Banker Preferences, Interbank Connections, and the Enduring Structure of the Federal Reserve System
Established by a three person committee in 1914, the structure of the Federal Reserve System has remained essentially unchanged ever since, despite criticism at the time and over ensuing decades. With Congress now considering reforms to the System, this paper examines the original selection of cities for Reserve Banks and branches, and of district boundaries. We show that each aspect of the Fed’s structure reflected the preferences of national banks, including adjustments to district boundaries after 1914. Further, using newly-collected data on interbank connections, we find that banker preferences mirrored established correspondent relationships. The Federal Reserve was thus formed on top of the structure that it was meant to replace.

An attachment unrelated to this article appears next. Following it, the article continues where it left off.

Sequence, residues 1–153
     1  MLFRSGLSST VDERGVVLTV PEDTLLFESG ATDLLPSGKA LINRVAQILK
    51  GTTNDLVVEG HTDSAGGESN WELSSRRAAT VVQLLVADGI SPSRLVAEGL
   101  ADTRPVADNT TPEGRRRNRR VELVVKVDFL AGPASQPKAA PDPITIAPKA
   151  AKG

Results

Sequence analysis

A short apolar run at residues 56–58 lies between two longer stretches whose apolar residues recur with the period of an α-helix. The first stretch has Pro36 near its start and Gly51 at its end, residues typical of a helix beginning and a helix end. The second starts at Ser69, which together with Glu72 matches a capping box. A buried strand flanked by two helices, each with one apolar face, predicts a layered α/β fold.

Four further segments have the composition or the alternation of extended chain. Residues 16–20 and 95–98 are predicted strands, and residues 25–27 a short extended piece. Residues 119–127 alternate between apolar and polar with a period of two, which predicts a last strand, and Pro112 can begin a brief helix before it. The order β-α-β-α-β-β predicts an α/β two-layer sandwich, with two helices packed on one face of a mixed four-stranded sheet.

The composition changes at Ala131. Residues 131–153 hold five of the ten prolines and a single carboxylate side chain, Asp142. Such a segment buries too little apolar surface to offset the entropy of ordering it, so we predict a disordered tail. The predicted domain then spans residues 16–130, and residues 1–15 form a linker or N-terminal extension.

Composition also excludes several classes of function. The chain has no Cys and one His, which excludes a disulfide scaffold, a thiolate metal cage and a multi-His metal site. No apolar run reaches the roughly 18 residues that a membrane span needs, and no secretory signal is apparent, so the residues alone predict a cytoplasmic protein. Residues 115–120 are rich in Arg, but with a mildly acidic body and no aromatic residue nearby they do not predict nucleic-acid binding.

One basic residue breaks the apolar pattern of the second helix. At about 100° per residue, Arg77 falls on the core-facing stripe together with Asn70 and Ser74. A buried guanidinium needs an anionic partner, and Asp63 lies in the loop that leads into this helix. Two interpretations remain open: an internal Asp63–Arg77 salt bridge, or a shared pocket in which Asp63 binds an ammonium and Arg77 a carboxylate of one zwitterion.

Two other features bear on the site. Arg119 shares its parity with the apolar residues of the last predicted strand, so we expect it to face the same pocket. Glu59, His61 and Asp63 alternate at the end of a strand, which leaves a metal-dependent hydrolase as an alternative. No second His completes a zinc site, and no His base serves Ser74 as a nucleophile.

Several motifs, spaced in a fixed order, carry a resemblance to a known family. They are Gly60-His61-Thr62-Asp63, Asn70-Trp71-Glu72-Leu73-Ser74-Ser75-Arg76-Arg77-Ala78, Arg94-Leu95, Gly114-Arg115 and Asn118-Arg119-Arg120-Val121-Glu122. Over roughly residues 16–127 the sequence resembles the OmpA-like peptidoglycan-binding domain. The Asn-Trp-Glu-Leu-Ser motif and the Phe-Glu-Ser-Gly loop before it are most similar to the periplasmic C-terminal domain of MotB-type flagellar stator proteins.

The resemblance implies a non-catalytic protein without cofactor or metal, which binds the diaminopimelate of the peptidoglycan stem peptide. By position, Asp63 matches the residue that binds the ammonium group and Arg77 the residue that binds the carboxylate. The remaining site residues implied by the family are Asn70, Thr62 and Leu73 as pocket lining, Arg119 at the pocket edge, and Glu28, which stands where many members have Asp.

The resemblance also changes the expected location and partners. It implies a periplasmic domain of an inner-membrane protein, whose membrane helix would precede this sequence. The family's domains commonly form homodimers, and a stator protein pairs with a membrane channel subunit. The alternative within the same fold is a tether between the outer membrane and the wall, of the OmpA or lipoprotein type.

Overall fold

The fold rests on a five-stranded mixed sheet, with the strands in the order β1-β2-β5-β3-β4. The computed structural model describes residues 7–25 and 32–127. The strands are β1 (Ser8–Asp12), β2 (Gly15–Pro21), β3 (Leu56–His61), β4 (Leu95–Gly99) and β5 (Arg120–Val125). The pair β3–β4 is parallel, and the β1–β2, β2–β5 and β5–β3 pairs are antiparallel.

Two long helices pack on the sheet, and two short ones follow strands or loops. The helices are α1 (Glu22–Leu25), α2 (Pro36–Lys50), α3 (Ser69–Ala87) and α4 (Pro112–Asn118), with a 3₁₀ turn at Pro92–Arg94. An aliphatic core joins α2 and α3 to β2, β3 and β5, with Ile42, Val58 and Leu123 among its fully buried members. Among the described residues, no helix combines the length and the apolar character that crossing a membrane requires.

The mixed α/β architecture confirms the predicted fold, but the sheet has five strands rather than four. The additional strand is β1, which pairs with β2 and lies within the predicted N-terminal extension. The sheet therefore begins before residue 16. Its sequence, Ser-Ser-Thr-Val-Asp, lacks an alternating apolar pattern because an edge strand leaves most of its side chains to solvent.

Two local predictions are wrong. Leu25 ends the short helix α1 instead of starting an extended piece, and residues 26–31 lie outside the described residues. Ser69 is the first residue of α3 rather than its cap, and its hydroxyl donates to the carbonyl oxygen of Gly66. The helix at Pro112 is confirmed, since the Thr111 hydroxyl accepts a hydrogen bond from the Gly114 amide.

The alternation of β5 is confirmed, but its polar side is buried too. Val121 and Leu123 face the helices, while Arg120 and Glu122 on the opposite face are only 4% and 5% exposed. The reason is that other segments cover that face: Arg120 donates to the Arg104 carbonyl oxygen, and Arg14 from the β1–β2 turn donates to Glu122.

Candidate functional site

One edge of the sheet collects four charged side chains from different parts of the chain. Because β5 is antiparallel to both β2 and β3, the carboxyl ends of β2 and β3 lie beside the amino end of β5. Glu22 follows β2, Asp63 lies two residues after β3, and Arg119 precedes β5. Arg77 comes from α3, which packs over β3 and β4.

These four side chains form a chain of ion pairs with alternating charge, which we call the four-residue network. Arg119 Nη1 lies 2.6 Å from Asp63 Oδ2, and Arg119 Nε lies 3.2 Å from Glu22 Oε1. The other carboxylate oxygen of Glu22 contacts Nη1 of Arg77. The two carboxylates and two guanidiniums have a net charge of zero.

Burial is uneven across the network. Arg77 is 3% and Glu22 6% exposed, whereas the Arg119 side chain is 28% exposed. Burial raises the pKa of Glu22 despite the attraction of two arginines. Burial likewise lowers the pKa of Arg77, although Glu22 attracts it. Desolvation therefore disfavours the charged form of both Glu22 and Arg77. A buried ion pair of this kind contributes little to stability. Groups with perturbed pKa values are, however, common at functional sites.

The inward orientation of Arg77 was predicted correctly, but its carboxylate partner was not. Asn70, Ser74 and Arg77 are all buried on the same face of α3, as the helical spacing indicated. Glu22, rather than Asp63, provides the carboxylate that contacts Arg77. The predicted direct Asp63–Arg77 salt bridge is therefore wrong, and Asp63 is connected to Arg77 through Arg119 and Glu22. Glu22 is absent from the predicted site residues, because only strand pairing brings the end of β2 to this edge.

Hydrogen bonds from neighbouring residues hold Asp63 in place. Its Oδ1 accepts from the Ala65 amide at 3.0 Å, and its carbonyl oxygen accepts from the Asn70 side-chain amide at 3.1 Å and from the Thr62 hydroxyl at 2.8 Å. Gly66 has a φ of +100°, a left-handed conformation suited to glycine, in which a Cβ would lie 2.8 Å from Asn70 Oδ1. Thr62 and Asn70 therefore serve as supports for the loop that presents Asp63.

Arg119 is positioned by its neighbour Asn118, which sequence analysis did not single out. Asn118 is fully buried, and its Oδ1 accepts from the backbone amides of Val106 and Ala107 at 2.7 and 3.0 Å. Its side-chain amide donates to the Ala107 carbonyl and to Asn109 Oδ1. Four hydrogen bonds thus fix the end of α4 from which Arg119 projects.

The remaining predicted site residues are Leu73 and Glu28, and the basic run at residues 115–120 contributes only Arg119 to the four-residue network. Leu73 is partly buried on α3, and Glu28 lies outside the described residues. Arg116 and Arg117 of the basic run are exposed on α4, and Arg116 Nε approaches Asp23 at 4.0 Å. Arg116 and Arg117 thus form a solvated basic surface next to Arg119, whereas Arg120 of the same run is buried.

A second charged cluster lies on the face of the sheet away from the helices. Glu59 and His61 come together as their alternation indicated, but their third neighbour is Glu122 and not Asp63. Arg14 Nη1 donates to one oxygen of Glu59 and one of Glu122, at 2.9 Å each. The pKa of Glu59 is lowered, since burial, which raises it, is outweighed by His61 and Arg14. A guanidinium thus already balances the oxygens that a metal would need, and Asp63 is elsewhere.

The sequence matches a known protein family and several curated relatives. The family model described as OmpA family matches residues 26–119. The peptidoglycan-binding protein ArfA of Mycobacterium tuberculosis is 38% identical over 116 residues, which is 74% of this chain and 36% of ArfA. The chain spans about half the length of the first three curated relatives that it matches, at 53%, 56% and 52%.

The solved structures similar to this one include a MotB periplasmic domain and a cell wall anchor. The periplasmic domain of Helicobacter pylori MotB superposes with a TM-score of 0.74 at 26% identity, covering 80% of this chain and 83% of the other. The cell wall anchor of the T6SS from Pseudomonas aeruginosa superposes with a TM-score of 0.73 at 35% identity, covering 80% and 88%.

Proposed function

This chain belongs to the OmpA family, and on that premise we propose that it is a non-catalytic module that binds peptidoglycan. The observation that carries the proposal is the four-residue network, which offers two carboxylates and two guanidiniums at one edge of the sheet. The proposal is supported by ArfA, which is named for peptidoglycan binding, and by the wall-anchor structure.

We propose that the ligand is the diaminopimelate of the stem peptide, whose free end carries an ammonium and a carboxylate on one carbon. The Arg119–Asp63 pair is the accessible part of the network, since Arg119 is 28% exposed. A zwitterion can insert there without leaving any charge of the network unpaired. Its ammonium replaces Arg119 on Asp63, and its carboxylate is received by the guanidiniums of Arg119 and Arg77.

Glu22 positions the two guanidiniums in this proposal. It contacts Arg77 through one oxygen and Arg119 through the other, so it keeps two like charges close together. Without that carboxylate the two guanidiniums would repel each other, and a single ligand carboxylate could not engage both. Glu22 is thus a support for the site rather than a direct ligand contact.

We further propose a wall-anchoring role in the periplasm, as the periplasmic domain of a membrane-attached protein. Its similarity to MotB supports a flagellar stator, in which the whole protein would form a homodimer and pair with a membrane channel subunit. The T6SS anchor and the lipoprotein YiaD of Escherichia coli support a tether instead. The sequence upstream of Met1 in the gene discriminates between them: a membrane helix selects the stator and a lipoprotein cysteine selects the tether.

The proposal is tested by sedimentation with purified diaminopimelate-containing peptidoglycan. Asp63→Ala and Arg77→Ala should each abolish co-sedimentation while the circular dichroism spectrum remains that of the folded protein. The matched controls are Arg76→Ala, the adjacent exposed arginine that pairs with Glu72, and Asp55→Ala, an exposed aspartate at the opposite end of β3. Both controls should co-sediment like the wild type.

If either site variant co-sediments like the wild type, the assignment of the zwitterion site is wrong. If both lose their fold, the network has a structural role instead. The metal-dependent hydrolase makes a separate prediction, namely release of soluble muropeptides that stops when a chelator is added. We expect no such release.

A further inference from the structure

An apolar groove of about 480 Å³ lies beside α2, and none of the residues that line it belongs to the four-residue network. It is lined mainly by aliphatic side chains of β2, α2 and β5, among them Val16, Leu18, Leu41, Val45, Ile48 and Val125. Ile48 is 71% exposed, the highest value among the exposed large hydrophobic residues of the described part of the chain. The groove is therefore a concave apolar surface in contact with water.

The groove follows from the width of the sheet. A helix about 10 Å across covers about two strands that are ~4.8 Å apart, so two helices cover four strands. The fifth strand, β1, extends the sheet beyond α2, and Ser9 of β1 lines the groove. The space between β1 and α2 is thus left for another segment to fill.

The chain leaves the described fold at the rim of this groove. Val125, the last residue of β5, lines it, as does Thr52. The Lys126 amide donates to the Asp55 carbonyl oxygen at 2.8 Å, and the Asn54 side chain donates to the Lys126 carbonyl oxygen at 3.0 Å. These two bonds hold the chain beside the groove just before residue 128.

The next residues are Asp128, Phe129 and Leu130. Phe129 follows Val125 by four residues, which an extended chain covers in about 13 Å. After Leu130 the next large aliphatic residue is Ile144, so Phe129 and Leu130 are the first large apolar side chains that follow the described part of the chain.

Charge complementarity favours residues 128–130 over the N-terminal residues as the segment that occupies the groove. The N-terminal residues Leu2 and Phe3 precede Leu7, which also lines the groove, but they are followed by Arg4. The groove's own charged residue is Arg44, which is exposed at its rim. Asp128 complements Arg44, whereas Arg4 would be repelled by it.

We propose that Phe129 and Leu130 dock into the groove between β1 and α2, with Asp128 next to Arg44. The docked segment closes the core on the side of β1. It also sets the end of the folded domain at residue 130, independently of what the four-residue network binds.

The authors thank Michael Bordo, Mark Carlson, David Hammes, Tom Garrett, Michael McAvoy, Mary Rodgers and David Weiman for comments, data and other information used in preparing this paper. Views expressed herein do not necessarily represent official positions of the Federal Reserve Bank of St. Louis, the Federal Reserve System, or the National Bureau of Economic Research.
Matthew Jaremski & David C. Wheelock, 2017. "Banker preferences, interbank connections, and the enduring structure of the Federal Reserve System," Explorations in Economic History, vol 66, pages 21-43.